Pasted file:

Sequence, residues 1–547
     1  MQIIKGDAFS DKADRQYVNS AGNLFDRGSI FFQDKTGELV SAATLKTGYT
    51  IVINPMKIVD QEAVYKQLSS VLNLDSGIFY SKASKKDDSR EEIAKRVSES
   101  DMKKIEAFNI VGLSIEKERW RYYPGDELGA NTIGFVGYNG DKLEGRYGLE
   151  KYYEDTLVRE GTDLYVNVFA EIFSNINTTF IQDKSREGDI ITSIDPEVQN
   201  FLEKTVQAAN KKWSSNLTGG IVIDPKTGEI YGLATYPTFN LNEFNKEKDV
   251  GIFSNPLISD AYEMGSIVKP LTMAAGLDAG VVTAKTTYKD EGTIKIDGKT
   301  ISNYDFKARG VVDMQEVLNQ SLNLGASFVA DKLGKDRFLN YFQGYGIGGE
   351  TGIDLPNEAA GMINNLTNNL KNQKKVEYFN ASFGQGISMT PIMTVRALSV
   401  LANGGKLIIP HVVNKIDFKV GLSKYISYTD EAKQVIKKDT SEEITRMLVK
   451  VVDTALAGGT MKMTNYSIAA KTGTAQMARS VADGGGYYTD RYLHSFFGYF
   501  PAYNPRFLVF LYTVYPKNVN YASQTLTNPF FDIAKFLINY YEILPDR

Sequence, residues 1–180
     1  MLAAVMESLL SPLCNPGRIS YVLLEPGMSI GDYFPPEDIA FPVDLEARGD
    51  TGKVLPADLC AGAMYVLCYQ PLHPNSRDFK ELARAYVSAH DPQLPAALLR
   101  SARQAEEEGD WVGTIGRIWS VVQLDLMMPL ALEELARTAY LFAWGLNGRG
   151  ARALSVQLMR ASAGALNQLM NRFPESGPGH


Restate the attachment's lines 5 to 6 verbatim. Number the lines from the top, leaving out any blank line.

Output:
   151  KYYEDTLVRE GTDLYVNVFA EIFSNINTTF IQDKSREGDI ITSIDPEVQN
   201  FLEKTVQAAN KKWSSNLTGG IVIDPKTGEI YGLATYPTFN LNEFNKEKDV